*Important Information on Lab Test Processing Times: Ulta Lab Tests is committed to informing you about the processing times for your lab tests processed through Quest Diagnostics. Please note that the estimated processing time for each test, indicated in business days, is based on data from the past 30 days across the 13 Quest Diagnostics laboratories for each test. These estimates are intended to serve as a guide and are not guarantees. Factors such as laboratory workload, weather conditions, holidays, and the need for additional testing or maintenance can influence actual processing times. We aim to offer estimates to help you plan accordingly. Please understand that these times may vary, and processing times are not guaranteed. Thank you for choosing Ulta Lab Tests for your laboratory needs.

The Cardiac Risk Panel panel contains 7 tests with 20 biomarkers.

The Cardiac Risk Panel:

The Cardiac Risk Panel provides a comprehensive assessment designed to provide you with valuable insights into your cardiovascular health and potential risks.

By analyzing a range of markers, including genetic factors, inflammation indicators, lipid metabolism, and cardiac stress markers, this panel offers a personalized approach to understanding your unique cardiac risk profile.

With the information provided by the Cardiac Risk Panel, you can take proactive steps to manage your cardiovascular health, make informed lifestyle choices, and work closely with healthcare professionals to reduce your risk of cardiovascular disease.

  • CARDIO IQ™ LP PLA2 Activity: LP PLA2 (Lipoprotein-associated phospholipase A2) is an enzyme involved in the inflammatory process within blood vessels. Measuring LP PLA2 activity through the CARDIO IQ™ test can help assess the risk of plaque buildup and inflammation in the arteries, which are significant contributors to cardiovascular disease.
  • Lipoprotein (A): Lipoprotein (a) is a type of lipoprotein-associated with an increased risk of cardiovascular disease. Measuring the level of lipoprotein (a) in the blood can provide insights into your potential risk for developing heart-related conditions.
  • Methylenetetrahydrofolate Reductase (MTHFR), DNA Mutation Analysis: The MTHFR gene encodes an enzyme involved in folate metabolism. DNA mutation analysis of the MTHFR gene can identify specific variants, such as C677T and A1298C, which may impact the efficiency of the MTHFR enzyme. These variants have been associated with altered folate metabolism and potential health implications.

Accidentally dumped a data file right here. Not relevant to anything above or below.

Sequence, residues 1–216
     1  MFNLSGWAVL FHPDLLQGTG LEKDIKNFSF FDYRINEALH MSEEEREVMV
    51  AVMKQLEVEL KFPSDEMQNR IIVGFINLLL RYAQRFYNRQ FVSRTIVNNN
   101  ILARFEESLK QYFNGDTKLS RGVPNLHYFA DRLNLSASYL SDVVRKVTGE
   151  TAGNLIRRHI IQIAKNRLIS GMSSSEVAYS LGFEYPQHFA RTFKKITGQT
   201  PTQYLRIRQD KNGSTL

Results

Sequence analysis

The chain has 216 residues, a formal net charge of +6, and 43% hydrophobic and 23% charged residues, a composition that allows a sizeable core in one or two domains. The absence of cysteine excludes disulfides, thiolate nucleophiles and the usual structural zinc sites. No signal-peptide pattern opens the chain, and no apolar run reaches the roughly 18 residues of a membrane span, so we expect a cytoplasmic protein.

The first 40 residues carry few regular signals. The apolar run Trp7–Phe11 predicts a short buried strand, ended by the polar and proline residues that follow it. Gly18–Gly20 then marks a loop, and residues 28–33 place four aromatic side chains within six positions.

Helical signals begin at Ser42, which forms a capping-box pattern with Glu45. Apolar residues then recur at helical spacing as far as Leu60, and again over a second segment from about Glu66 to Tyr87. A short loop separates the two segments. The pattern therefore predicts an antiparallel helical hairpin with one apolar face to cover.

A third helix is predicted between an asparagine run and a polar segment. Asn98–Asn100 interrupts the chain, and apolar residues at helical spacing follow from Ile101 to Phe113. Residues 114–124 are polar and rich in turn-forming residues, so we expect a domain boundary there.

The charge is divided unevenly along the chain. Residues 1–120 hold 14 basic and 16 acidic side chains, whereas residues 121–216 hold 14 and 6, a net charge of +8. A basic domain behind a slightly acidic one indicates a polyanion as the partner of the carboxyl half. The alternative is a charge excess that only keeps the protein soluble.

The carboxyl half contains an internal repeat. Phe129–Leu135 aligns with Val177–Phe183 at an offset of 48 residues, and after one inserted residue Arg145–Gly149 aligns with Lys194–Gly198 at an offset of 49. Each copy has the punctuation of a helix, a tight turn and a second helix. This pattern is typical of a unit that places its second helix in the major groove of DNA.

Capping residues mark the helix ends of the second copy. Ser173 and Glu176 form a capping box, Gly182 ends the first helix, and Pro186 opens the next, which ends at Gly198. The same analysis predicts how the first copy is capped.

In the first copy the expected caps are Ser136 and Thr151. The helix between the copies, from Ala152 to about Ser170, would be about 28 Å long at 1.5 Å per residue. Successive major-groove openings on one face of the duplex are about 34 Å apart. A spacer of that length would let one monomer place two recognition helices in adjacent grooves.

• Myeloperoxidase Antibody (MPO): Myeloperoxidase is an enzyme produced by white blood cells that plays a role in the development and progression of atherosclerosis. Measuring the levels of myeloperoxidase antibodies can help assess inflammation and oxidative stress in the arteries, providing insights into cardiovascular risk.
  • Omega-3 and -6 Fatty Acids, Plasma: Omega-3 and -6 fatty acids are essential fats that play a crucial role in cardiovascular health. Measuring the levels of these fatty acids in plasma can provide insights into your dietary intake and balance of these beneficial fats, which can influence cardiovascular risk factors.
  • proBNP, N-terminal: ProBNP (N-terminal pro-brain natriuretic peptide) is a marker used to assess heart function and detect the presence of heart failure. Measuring proBNP levels can help evaluate cardiac stress and identify potential cardiac abnormalities.

The Cardiac Risk Panel offers a comprehensive evaluation of your cardiovascular health, providing you with valuable information about your genetic predispositions, inflammation markers, lipid metabolism, and cardiac stress indicators.

By understanding your unique cardiac risk profile, you can take proactive measures to mitigate potential risks and optimize your cardiovascular well-being.

Armed with this knowledge, you can make informed decisions about lifestyle modifications, collaborate closely with healthcare professionals, and embrace a proactive approach to heart health. Remember, early detection, personalized interventions, and ongoing management are key to maintaining a healthy heart and reducing the likelihood of cardiovascular disease. Take charge of your cardiovascular health today with the insights provided by the Cardiac Risk Panel.